That’s really part of collection development and donating. When I was given this assignment of special collections, it was determined that Dr. John Archer, who was the head of the University of Regina Library at the time back in the early 70s, purchased many old books on different subjects. He purchased this collection from a bookseller in Montréal in the early 70s and it included all of these Robinson Crusoe titles.
What do you find the best part of being a librarian?
I really enjoy the one-on-one sessions with students — you can really spend a lot of time and answer the questions and do some searching with them. And then there is that moment where they begin to understand, it’s a cyclical process of defining your research topic, narrowing it down, choosing a database, developing a search strategy, finding relevant articles, maybe going back and revising. It’s a circular, cyclical process. And if students can understand that, then I’ve been successful.
I want to try and instill in students that we have lots of information to help you. I’m here to help you navigate a pathway through using those materials and it’s a challenge, but I enjoy it.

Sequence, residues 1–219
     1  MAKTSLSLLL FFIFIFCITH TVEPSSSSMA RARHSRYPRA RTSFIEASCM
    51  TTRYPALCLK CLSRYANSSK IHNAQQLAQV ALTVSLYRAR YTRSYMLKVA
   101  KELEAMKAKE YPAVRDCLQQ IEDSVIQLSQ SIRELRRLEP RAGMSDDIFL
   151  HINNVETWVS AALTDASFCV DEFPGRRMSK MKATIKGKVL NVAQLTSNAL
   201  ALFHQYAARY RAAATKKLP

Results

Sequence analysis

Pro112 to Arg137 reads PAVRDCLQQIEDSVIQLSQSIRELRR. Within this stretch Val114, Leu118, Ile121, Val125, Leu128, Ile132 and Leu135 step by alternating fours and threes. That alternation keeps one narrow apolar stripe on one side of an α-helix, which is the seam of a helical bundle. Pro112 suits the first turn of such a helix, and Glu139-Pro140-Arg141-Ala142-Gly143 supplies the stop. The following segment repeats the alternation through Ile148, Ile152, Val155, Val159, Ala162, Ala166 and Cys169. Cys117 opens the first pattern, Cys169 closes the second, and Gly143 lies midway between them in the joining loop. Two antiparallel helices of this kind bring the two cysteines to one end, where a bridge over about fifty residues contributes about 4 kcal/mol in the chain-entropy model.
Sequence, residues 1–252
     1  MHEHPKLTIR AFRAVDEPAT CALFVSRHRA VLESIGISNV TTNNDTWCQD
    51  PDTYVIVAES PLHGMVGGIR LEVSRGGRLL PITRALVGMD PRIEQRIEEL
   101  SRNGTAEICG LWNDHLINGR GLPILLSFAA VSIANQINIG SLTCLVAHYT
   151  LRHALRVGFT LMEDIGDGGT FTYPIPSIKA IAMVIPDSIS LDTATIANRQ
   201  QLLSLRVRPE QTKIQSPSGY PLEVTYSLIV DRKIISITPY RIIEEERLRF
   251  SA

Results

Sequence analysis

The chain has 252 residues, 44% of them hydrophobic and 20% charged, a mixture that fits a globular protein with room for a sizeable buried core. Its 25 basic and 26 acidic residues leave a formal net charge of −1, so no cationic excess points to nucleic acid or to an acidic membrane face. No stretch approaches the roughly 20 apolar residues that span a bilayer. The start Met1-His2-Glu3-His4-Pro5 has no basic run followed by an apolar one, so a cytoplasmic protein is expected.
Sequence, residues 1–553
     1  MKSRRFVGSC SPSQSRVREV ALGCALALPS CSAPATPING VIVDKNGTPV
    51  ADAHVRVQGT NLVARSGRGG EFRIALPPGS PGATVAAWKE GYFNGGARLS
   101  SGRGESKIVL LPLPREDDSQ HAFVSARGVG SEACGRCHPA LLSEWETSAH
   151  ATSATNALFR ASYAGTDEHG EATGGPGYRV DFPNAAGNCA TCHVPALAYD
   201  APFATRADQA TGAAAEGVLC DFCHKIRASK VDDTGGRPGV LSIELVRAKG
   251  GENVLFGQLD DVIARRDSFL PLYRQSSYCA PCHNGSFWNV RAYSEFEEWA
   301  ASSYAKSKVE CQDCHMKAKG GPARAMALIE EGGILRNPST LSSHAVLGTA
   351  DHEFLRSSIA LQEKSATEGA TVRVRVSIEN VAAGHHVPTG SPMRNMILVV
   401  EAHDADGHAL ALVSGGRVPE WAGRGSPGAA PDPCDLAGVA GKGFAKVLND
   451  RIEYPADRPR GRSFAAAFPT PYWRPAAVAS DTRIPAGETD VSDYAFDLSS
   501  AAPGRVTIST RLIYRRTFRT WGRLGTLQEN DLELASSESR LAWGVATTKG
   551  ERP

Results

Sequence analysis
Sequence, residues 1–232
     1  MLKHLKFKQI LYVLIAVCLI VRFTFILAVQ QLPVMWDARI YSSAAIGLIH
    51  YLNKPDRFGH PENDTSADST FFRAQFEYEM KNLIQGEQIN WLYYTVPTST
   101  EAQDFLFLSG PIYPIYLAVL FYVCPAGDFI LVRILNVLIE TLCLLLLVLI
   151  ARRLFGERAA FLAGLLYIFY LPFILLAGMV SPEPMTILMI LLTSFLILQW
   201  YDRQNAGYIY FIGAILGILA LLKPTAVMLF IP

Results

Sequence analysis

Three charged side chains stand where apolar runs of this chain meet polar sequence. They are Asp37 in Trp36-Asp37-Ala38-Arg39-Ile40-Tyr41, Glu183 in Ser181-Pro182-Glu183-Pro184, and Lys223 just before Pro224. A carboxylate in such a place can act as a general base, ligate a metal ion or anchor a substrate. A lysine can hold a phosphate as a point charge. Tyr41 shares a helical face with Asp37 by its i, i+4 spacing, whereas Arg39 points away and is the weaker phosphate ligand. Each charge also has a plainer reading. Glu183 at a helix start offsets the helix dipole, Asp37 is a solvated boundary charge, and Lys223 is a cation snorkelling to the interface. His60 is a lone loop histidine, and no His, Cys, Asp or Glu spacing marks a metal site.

This summer a new University Archivist, Alyssa Hyduk, joined the Archer Library family. We asked Alyssa to tell us three things she enjoys about being an archivist:
1. You get a true, authentic feel for life outside of your own time. Seeing how people spoke, reading the handwriting, understanding what they valued and what motivated them-I think it’s all brilliant, and it really does put your own life in perspective while simultaneously connecting you to the past.
2. You never know what you’re going to get. I’ve been going through collections about ornithology when I suddenly came upon naked pictures of the researcher. I’ve had to chase silk-worm pupae across the floor because it’s fallen out of a textile scrapbook. You truly never know what you’re going to find in a collection, so the thrill, (and shock), of discovery never goes away!
3. I love connecting the dots for people, especially in genealogical research. It’s such a wonderful thing to see the joy, shock, satisfaction, (and sometimes even horror), on people’s faces when they finally find that missing piece of the puzzle; when they find the branch on the family tree, or the passenger records of their ancestors, or the birth certificate of an unknown family member. Things like that, which are 100% human, unfiltered reactions, make my job incredibly worthwhile.
Looking for something new to read? Interested in reading more about a hot topic? Craving a cozy movie night with a literary adaptation? Well, the Archer Book Club has a new Summer Reading page!
We have three sections of books: -Hot Topics and Critical Conversations (non-fiction and fiction) -Classic Summer Reading (all available through the university library) -For the Beach and Rainy Days (all fiction)
Not only that, but if you scroll down to the bottom of the page we’ve got a few ideas for newer literary adaptation films (all movies available through our databases)!
Whenever possible we have listed items available through the library, but if not each book has a link with more information about it, and we encourage you to consider options like your local public library.